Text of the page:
We had a rare spring-like day this week – sunny and warm enough to shed the winter jacket for a bit. It was also the same day my favorite seed catalog arrived in the mail. Coincidence? I think not! Garden season is close.
Gardening has always seemed to me like a thrifty three-fer: exercise, time outside, and healthy food as a reward. It’s not even that expensive to start a garden if you stick with seeds rather than starters, plant at the right time and are lucky with spring weather.
This year the rise in food prices makes me want to grow even more food, but I just don’t have the time or extra cash needed to expand my garden. My small garden will have to suffice – or does it?
There is a lot of gardening going on around me. Many of my friends and neighbors grow beautiful gardens. Several neighbors have fruit trees that practically bend in half with fruit in the fall, while others specialize in growing heirloom tomatoes. Yet another grows lovely herbs on the small strip of lawn beside her house. This got me to thinking: we should pool our resources, gardening knowledge and garden spaces and save some money on fresh food at the same time.
What grows? – One neighbor says she carefully researches her yearly garden. She considers what her family likes to eat and compares it to the prices in the store. If she can grow it cheaper, it’s in her garden.
This is a good place to start when pooling garden projects with others. What does everyone like to eat and can you get it cheaper at the store? My favorite, sugar snap peas, is more expensive at the store but is easy to grow in our area. The prolific zucchini is fairly cheap in the store, but its productivity is legendary and this is an easy one for one gardener to plant and share with the rest.
When the list of favorites is complete, your group can divide up the veggies to plant. If one gardener feels more successful at growing one plant over another, keep that in mind. Perhaps another wants to try growing something he or she hasn’t tried before. The flexibility is part of the fun.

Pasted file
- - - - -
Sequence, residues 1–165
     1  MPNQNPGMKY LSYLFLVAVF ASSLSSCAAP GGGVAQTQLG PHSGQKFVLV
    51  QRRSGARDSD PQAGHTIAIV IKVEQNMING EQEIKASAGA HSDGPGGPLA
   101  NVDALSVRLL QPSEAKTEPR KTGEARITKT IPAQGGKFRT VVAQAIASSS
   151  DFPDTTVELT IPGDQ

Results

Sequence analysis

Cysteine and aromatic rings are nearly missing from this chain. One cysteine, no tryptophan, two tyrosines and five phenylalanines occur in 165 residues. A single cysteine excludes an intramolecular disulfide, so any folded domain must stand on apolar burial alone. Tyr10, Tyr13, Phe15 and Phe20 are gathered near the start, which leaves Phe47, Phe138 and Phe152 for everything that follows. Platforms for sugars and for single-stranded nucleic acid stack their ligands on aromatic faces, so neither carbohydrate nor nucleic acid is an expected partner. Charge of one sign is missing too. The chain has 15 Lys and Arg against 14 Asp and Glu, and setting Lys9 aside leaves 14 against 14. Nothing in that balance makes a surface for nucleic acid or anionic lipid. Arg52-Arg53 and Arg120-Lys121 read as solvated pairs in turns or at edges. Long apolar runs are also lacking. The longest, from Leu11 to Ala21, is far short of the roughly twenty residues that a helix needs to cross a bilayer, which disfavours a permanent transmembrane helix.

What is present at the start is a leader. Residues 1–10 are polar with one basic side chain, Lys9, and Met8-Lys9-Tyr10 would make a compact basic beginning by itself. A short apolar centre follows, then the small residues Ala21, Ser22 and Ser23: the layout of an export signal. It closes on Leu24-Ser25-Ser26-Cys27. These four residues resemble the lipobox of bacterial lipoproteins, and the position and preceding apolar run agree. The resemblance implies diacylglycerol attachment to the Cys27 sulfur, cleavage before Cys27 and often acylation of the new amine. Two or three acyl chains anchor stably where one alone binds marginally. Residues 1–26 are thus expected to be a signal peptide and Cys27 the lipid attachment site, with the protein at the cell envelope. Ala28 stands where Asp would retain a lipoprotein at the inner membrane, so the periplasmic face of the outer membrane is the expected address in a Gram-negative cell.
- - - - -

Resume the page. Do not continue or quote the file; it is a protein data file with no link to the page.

You and your fellow gardeners don’t have to be highly organized in your shared gardening by any means, but don’t forget to decide how to share the harvest once it starts appearing.
Share styles – Be transparent with your friends about your gardening techniques. My friends try to stay as chemical-free as possible. I, too, have found it is less expensive to maintain a backyard gardens with organic methods simply because alternatives – like hand-pulling dandelions – is cheaper than Roundup. Yet, it is wise to make sure everyone in your group is on the same page.
Reap free knowledge – One friend is an incredible gardener. She uses cold frames during part of year to extend her growing season and reaps the benefits of her natural techniques in the volume of food she grows. She shares her success and we have been the happy beneficiaries of garden greens far into October. She is also great about sharing tips and very kind about answering gardening questions.
Should you lack a friend with such gardening knowledge, you can always turn to local experts for help. Our state’s Extension Service, offered through our state’s agricultural college, does a great job of providing free education on gardening and many other topics. They also have a helpful website, which makes it handy for those who live across the state.
Start-Up – I’ve learned there are several ways to get new plants without stepping into a retail store. One friend purchases her plant starts from a local gardener. This gardener invested in a nice greenhouse years ago and sells her organic plant starts every spring. These starts are a fraction of the cost of the store down the road and seem to hold up very well.
Another friend was happy to share her extra bulbs with me after I admired her bed full of flowers. In doing this, she saved me the cost of purchasing several bags of bulbs later that fall. Yet another friend plans to use the seeds she harvested from her garden last year. I hope she will share with me her harvesting and storage techniques.
Enjoy the harvest – I’m really looking forward to when our gardens are ready to harvest later this summer. I’d like to take the gardening even further and pool our knowledge on food preservation. It would be a shame to waste all that good food!